A huge ecosystem, a neat and effective app, and some great sounds — Yamaha has delivered a fine multiroom system.
Last issue we took a detailed look at Yamaha’s ‘Studio’ NX-N500 wireless speakers, which are just one component of the company’s MusicCast wireless multiroom system. We loved them — hence our Sound+image 2016 award for them as Multiroom Component of the Year. And MusicCast itself won our Multiroom System of the Year. So clearly we’re quite enthused.
Why? What gives Yamaha an edge in our affections? (Although we should note that with apps evolving and new components and systems launching since our awards judging, the whole market is a moveable feast.)
Meet the family
Firstly it is impressively all-encompassing. From the off Yamaha made it clear that it wanted not just the usual range of wireless speakers and a few receiver units, it was preparing to install MusicCast abilities everywhere possible in its range. So yes, there are standalone speakers and wireless stereo speakers, but like Bose it has also taken several of its already-successful products and added the wireless streaming and multiroom abilities to its latest AV receivers, hi-fi amplifiers, its soundbars (or Digital Sound Projectors, as Yamaha calls them), and its ‘lifestyle’ products such as the weird hang-it-on-the-wall Frame thing.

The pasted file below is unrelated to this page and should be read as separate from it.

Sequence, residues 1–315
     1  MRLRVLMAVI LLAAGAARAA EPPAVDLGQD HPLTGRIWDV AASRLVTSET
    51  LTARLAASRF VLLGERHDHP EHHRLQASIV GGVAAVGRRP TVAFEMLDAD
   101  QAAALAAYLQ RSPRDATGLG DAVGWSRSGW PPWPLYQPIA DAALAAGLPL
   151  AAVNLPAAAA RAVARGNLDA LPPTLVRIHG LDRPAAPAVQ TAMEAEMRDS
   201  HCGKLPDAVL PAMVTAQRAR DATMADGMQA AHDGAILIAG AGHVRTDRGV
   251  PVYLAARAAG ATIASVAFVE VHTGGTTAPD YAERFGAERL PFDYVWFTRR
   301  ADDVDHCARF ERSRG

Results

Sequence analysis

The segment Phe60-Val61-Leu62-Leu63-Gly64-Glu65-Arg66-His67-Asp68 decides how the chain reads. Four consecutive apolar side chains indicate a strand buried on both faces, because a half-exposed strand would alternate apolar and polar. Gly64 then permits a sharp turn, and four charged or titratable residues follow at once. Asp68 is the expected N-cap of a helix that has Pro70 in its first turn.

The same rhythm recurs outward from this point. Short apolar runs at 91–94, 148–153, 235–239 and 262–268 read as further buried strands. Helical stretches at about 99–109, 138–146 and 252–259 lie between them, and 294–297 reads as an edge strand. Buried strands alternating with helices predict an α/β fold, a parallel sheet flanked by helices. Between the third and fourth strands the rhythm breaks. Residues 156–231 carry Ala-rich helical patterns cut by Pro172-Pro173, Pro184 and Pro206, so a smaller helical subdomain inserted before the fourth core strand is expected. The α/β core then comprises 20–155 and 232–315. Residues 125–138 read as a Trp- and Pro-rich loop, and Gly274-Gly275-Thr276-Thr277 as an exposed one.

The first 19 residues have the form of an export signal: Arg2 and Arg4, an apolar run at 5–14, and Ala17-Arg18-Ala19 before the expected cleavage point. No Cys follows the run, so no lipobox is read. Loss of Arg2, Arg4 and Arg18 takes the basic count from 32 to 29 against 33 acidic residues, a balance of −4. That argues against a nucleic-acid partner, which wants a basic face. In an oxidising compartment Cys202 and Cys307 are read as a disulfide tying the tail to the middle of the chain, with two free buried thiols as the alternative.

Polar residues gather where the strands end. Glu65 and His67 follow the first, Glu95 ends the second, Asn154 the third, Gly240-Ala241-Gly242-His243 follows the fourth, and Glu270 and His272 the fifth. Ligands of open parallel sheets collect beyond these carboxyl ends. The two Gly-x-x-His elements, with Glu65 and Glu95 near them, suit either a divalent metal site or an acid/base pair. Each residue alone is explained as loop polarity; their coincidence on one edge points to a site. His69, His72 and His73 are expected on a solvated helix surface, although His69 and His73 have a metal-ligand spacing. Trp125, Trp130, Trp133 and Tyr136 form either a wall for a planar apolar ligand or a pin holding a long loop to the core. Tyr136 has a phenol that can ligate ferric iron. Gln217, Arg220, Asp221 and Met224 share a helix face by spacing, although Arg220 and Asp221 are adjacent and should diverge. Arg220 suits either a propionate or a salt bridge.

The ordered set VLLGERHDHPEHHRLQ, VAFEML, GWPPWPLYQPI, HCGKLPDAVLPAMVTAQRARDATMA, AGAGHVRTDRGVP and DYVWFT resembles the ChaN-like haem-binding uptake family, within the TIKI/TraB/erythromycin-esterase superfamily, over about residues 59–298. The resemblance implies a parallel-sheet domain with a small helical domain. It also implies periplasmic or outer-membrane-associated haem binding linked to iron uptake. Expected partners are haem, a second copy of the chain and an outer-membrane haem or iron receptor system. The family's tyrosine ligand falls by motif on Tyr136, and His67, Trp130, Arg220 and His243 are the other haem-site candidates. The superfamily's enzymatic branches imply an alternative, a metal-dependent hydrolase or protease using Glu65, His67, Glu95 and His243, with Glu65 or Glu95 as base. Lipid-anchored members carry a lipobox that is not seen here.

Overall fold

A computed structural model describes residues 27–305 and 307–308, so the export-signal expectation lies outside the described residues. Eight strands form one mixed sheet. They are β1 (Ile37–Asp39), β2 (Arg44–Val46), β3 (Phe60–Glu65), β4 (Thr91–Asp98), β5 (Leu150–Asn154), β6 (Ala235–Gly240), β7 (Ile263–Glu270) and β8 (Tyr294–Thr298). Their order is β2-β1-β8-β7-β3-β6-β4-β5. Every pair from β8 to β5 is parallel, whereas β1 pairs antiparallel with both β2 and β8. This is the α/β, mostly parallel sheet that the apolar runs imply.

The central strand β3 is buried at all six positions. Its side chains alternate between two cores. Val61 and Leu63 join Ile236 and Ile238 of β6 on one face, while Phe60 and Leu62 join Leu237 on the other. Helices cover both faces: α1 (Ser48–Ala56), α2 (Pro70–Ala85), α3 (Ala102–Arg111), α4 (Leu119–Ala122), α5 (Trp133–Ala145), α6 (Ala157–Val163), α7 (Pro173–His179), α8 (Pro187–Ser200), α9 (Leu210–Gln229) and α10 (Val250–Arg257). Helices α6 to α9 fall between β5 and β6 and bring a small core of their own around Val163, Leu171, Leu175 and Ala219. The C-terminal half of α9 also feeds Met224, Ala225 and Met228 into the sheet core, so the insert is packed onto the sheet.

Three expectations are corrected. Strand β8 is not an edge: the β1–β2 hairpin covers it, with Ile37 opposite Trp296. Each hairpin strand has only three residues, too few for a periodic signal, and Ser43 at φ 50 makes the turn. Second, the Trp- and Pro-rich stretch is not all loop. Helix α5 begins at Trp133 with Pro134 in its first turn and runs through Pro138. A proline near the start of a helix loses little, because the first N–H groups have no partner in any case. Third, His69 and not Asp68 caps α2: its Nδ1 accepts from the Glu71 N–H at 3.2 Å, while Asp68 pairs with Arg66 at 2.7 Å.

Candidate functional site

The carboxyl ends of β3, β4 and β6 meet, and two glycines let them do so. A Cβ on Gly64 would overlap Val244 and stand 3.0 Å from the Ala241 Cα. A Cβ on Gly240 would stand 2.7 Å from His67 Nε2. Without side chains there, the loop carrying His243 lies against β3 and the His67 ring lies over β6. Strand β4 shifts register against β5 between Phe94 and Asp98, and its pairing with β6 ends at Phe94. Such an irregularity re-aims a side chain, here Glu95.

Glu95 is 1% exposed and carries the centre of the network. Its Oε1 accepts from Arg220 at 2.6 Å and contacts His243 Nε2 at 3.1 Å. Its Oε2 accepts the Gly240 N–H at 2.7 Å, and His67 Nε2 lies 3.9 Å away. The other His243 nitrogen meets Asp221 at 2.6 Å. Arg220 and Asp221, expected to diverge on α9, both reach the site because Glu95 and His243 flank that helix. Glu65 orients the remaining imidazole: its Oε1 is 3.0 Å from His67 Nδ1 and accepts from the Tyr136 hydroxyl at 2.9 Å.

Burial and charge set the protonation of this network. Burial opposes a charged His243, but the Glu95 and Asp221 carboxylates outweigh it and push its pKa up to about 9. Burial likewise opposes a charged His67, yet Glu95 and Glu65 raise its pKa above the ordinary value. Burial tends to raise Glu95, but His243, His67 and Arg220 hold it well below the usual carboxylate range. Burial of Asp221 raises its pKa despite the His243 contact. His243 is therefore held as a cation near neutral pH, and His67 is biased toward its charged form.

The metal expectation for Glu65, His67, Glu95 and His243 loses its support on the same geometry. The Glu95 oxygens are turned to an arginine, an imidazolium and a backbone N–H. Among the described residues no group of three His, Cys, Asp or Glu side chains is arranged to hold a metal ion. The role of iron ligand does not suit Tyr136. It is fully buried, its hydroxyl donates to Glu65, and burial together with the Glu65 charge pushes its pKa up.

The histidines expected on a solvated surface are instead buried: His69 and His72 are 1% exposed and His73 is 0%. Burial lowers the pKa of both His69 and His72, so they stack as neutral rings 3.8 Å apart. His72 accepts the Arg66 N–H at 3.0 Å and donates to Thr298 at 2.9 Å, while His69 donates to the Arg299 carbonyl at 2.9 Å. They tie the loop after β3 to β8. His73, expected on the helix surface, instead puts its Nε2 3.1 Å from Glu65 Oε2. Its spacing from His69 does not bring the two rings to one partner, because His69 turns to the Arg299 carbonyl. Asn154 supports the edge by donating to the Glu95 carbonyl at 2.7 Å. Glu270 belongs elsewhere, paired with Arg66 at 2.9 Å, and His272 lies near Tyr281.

All these can share their inputs with other MusicCast devices on your network, they can all receive via Bluetooth, Apple AirPlay or DLNA. And there’s the rather useful bonus of each MusicCast device also being able to share with an additional Bluetooth speaker (or headphone), whether that be a Yamahabranded box or not.